|Two drinks of chcolate-infused red wine with melted vanilla gelato.|
And one frothy, creamy drink for the little house elf.
|Serve with Harry Potter and the Sorcerer's Stone and enjoy!|
Two chapters, back to back, like night and day. One full of intrigue and humor, the other with profundity and emotion. That's Chapters 11 and 12 in Harry Potter and the Sorcerer's Stone.
If we didn't get the explanation of quidditch in previous chapters, we are allowed to witness a game. And in typical Rowling efficiency, several things are accomplished. Hermione shows her mettle and saves her friend; Dean is the Muggle representative rallying behind ordinary soccer/football; if we ever doubted it before it becomes clear that someone has a death wish out on Harry; and Snape looks suspect in it all once again.
But the "Mirror of Erised" outdoes everything that has come before. Without this substance, one could argue Harry Potter is only a pretty, action-filled, clever and creative adventure. And I'm not talking about the fact that Harry sees his parents and loving family, his heart's truest desire. (Spell out "desire" backward.) It's the conversation with Dumbledore on the third night of Harry's visit to the mirror.
|Catherine Ann Hiley, Walking Tree, source|
Rowling does well to place moments of great significance in sync with the yearly cycle, lending them a sort of natural impact, like gravity--whether readers are conscious of it or not. Harry officially receives his invitation to Hogwarts on his birthday, he bonds with Hermione and Ron over the troll on Halloween, and he first discovers the Mirror of Erised on Christmas evening.
It is Harry's first personal, one-on-one conversation with Dumbledore, and it happens in a very vulnerable moment for young Harry, in the sort of privacy only a haunted castle in the dead of night can give. Dumbledore speaks to Harry without introduction (of course, we know that he has known Harry all his life, but Harry doesn't). Harry is an innocent. It suits his personality, the way he has handled the enormous challenges and changes in his life, and also serves not to distract from the bittersweet impact of seeing his parents.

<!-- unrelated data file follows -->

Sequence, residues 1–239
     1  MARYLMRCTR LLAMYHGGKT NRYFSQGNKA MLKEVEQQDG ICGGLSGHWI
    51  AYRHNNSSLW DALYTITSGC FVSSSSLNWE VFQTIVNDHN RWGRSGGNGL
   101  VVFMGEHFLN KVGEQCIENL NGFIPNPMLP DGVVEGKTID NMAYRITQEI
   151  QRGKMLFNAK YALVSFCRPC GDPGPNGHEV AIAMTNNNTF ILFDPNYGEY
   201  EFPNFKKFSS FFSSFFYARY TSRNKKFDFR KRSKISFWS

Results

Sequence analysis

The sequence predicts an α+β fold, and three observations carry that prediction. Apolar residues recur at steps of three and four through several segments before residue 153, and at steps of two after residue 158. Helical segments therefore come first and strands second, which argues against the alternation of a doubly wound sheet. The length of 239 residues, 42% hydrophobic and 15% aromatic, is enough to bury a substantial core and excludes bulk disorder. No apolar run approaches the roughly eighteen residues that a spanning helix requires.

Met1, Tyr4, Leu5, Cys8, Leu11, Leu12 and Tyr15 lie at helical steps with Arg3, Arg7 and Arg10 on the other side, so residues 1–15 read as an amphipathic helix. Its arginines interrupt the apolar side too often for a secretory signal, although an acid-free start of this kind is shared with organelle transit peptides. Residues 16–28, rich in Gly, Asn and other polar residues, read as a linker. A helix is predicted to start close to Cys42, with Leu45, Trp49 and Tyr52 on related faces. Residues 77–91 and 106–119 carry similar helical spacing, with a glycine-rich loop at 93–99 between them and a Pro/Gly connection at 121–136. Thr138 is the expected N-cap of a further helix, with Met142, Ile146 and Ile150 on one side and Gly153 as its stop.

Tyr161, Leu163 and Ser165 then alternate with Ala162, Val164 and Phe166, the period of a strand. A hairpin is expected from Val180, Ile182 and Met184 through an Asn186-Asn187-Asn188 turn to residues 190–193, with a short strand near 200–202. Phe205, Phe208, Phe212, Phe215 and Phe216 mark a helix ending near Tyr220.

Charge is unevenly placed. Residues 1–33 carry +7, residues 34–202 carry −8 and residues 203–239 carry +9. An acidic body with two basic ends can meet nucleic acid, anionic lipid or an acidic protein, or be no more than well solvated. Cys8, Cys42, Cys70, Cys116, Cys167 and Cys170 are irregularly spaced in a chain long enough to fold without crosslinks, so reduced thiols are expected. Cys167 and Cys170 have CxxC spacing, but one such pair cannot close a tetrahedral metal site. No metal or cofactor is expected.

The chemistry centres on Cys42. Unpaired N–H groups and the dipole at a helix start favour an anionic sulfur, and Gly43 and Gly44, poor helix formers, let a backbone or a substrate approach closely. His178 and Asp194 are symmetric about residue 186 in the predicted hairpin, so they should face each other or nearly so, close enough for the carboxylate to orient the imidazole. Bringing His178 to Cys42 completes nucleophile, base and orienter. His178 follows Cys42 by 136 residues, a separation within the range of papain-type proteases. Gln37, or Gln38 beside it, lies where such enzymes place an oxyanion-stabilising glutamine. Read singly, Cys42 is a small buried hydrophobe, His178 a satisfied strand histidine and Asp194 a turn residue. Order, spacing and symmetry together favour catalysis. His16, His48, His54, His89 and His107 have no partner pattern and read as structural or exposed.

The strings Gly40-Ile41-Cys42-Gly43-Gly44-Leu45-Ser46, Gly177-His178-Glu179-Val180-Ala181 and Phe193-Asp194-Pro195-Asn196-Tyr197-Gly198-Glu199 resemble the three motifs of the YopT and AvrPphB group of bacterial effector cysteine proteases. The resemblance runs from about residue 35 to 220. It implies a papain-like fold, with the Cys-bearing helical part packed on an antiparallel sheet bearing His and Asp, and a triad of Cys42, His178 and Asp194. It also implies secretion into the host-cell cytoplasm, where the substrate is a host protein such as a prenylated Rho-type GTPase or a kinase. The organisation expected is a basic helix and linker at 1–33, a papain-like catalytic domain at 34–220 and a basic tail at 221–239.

|Catherine Anne Hiley, Erised, source|
Harry recognizes that he could sit in this fabricated, temporal heaven for the rest of his life if he wanted. So absorbed is he in his desire, he doesn't notice that Professor Dumbledore had been sitting there all the while. The passage merits quoting in full,, with all the meaningful phrases that reached out to me bolded obnoxiously by yours truly:
"I--I didn't see you, sir."
"Strange how nearsighted being invisible can make you," said Dumbledore, and Harry was relieved to see that he was smiling.
"So," said Dumbledore, slipping off the desk to sit on the floor with Harry, "you, like hundreds before you, have discovered the delights of the Mirrors of Erised."
"I didn't know it was called that, sir."
"But I expect you've realized by now what it does?"
"It--well--it shows me my family--"
"And it showed your friend Ron himself as head boy."
"How did you know--?"
"I don't need a cloak to become invisible," said Dumbledore gently. "Now, can you think what the mirror of Erised shows us all?"
Harry shook his head.